Avatar photo

By Citizen Reporter


Gauteng Education promises generators to stop load shedding from disrupting matric exams

Nearly 200 000 matriculants will sit for NSC examinations in the province.

The Gauteng Department of Education says it is prepared in the event of a power-supply disruption during this year’s National Senior Certificate (NSC) exams.

A total of 194 611 full-time and part-time matric pupils will write their final exams between 31 October and 7 December across 1 018 examination centres in the province.  

But with the country currently experiencing constant blackouts due to load shedding, the provincial department has promised to provide an alternative electricity supply.

‘Back-up power’

Speaking during a media briefing in Etwatwa – Ekurhuleni, on Monday, Education MEC Matome Chiloane revealed that the department has already communicated with Eskom about its concerns.

“As the department, we have already engaged with Eskom [and] City Power in Johannesburg to request them that schools in certain areas have no downtime in case of load shedding,” he said.

Chiloane also indicated that the department has conducted an audit of computer applications technology (CAT) and information technology (IT) laboratories.

ALSO READ: Umalusi worried about load shedding but DBE trusts ‘daytime light’ to save exams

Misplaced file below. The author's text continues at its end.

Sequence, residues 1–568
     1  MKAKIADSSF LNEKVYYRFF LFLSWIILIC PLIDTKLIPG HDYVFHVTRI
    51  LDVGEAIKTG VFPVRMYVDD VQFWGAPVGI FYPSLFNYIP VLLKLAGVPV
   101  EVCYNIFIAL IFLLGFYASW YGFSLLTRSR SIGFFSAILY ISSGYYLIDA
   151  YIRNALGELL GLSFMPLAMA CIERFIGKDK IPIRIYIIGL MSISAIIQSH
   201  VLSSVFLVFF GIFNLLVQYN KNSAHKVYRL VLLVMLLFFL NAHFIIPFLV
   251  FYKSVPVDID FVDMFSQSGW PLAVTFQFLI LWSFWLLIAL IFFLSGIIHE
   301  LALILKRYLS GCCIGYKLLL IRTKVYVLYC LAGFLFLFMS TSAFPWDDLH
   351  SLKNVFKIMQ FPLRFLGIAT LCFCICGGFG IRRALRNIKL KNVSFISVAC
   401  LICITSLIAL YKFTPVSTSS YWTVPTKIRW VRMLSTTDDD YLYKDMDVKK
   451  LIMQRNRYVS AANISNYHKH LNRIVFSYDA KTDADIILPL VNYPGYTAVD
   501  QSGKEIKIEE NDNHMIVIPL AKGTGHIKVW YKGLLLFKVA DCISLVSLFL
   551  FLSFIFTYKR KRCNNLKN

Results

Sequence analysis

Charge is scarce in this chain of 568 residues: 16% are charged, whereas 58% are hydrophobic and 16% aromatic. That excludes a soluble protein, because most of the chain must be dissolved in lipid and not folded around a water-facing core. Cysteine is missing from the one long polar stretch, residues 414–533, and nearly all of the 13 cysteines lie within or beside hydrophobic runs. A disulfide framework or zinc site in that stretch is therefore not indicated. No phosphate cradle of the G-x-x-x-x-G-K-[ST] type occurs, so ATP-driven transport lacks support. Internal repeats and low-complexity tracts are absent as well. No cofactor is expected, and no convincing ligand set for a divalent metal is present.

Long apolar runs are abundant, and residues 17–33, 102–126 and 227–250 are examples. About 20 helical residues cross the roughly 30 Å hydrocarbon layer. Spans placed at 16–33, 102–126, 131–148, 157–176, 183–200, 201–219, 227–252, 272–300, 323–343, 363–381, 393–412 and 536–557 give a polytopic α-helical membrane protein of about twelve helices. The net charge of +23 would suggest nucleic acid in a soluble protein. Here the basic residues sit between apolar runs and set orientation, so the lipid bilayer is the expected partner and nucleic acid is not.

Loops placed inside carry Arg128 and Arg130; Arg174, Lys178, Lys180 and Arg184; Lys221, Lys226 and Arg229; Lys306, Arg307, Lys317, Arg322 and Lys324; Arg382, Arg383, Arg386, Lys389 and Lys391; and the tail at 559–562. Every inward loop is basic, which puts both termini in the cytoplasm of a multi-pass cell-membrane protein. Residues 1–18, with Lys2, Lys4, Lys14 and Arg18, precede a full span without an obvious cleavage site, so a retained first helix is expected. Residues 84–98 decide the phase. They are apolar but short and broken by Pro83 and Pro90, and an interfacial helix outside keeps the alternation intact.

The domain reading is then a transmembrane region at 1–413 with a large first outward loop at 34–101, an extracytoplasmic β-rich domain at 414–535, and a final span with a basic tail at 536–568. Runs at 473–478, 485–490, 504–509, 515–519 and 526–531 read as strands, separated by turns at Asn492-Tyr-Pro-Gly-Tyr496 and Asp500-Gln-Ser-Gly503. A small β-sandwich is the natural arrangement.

“One of the areas of focus for the audit was whether the centres have a generator to serve as a backup in the event of an electricity supply cut. Eskom and City Power have been informed of the dates on which CAT and IT practical exams are being written to minimise power cuts on those dates,” he continued.

Exam centres without generators, the MEC added, will procure or rent generators to avoid disruptions.

“We have already done preparations because we know not all schools offer this subject… We are talking about 38 centres in township schools.”

The department has further leased generators to ensure back-up power is available for marking and capturing results.

The marking of scripts will take place between 9 and 22 December across 19 centres in the province.

Paper leaks

Meanwhile, Chiloane assured the public that there would be no transgressions or leaks relating to question papers.

According to the MEC, the centres, printing and storage points have been audited to ensure the integrity of the exams is protected.

“We can confidently say this year there will be no leakage. I can assure you of that part. We have appointed service providers to assist to augment our security at districts, and we have armed escorts that will be guiding our exam papers.

READ MORE: Umalusi wants ‘incident-free’ matric exams after 2020 leaks

“We’ve got response teams and we’ve also set up surveillance (CCTV cameras) in all our venues to ensure that everything is tight,” the MEC said.  

In 2020, Mathematics paper 2 and Physical Sciences paper 2 were leaked to pupils hours before being written.

While the Government Printing Works (GPW) was identified as the source of the leak, a 31-year-old man was arrested in connection with the matter.

Themba Daniel Shikwambana was released on R1 000 bail in December 2020. 

Access premium news and stories

Access to the top content, vouchers and other member only benefits